Glass provides the best scratch-resistance and has excellent optical qualities (ie. clarity and lack of distortion), but it is also the heaviest and can shatter when struck.
Polycarbonate is a plastic with very good optical qualities and a very strong, impact-resistant molecular structure. This makes it a natural choice for hikers, but it’s worth knowing that it can easily scratch, so care is needed when outdoors.
Polyurethane is another synthetic material that brings together the best of glass and polycarbonate, making them optically excellent, light weight, and extremely tough. As you might expect, they are also the most expensive.
Plastic is a very cost effective option, being light and having good optical qualities in most cases. However, they can scratch easily and aren’t as impact resistant as polycarbonate or polyurethane.
When researching hiking sunglasses be sure to check whether the lenses are coated. More advanced materials such as polycarbonate don’t normally need a coating.
However, the deficiencies of other lens materials can be overcome through the application of a coating to provide benefits such as anti-fogging, anti-reflection, water repellency and scratch resistance.
When it comes to sunglass frames there are many different materials to choose from.
Metal frames, such as steel, aluminium and titanium, may look great. But, these aren’t practical as they can get extremely hot in the sun and provide poor impact resistance.
Instead, keep an eye out for materials such as acetate, nylon or nylon/plastic combinations, as these are low cost and will provide an excellent combination of durability and flexibility.
Plastic frames are most cost-effective of all, but aren’t as suited to the tough conditions you’ll face when hiking.
You’re going to be wearing your sunglasses in all types of conditions when you’re hiking, so you need to know that they will be comfortable, functional and effective!
If you’re looking for excellent protection from wind and rain, then you may want to go for a “wrap around” design.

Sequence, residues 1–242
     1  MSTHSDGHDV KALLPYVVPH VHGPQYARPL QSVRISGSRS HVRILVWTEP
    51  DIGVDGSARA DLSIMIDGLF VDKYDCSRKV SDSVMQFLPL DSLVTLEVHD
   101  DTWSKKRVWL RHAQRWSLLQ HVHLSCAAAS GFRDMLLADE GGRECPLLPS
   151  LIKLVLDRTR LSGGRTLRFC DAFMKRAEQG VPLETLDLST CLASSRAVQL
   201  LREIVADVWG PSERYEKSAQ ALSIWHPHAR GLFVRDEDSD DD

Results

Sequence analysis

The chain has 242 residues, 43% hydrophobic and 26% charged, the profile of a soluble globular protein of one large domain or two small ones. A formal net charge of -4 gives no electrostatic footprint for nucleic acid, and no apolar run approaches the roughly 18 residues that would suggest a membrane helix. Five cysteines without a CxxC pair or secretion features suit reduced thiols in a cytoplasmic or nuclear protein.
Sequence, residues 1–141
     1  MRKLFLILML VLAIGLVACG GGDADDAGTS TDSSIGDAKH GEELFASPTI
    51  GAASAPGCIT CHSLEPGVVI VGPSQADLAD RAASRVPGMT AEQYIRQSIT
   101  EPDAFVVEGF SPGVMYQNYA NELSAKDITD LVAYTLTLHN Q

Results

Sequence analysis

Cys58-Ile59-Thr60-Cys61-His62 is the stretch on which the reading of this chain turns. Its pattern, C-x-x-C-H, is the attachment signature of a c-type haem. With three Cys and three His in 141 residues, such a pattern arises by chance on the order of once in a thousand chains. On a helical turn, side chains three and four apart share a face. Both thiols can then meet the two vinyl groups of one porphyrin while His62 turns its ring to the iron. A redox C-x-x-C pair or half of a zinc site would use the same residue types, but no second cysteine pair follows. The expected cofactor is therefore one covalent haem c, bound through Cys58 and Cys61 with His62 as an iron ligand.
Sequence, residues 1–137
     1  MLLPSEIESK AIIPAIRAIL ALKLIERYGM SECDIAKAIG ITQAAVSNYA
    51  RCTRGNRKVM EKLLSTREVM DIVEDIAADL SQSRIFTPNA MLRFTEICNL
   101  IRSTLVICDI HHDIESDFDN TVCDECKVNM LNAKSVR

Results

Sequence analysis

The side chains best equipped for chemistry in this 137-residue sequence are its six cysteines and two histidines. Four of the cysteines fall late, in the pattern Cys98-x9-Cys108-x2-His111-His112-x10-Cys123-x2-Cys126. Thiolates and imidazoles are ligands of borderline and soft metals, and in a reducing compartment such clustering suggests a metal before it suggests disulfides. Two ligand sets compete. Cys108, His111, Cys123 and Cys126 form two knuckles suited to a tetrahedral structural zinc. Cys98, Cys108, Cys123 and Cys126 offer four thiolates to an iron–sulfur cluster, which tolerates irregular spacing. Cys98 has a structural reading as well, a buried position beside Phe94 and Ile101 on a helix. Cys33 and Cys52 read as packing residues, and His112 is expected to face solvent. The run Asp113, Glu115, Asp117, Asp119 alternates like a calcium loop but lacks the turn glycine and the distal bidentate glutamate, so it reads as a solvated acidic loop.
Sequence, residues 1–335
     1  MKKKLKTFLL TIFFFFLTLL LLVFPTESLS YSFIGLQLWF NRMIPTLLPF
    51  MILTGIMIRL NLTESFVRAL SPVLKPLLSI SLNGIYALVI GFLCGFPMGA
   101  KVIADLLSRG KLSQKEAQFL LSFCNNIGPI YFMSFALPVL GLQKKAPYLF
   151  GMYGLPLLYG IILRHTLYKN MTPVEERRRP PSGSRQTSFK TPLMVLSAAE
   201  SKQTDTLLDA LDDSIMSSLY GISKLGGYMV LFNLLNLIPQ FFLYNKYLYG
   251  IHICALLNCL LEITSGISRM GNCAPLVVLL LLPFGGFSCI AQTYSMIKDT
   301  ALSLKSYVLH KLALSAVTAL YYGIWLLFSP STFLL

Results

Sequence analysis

For more ventilation and less likelihood of fogging up, you may want a more open pair of sunglasses.
Consider the nose-piece and arms of the frame, as they will be resting on your nose and ears for considerable periods of time. Some sunglasses come with additional padding in these areas, or are adjustable to ensure a great fit.
If you enjoy trail running, rock climbing or mountaineering, then you may also prefer sunglasses with rubberized contact points to ensure they don’t slip around during extreme activities.
If you’re purchasing online then do try and ensure that the website has a great returns policy, as sometimes trying a pair of sunglasses on is the only way of finding out whether they fit the unique contours of your face.
If you need to wear prescription glasses in your everyday life and can’t wear contact lenses; don’t worry, this isn’t going to stop you hiking!
Many manufacturers and retailers of sunglasses now provide you with the ability to provide your prescription details and they can either custom build or order a pair of sunglasses to meet your needs.
Alternatively, photochromic lenses might be of interest, as they too can be custom built to your needs and can be used not only when hiking, but at home as well.
The last option is to find a pair of “clip on” lenses, or a large pair of “fit over” glasses that can be worn over the top of your regular prescription glasses.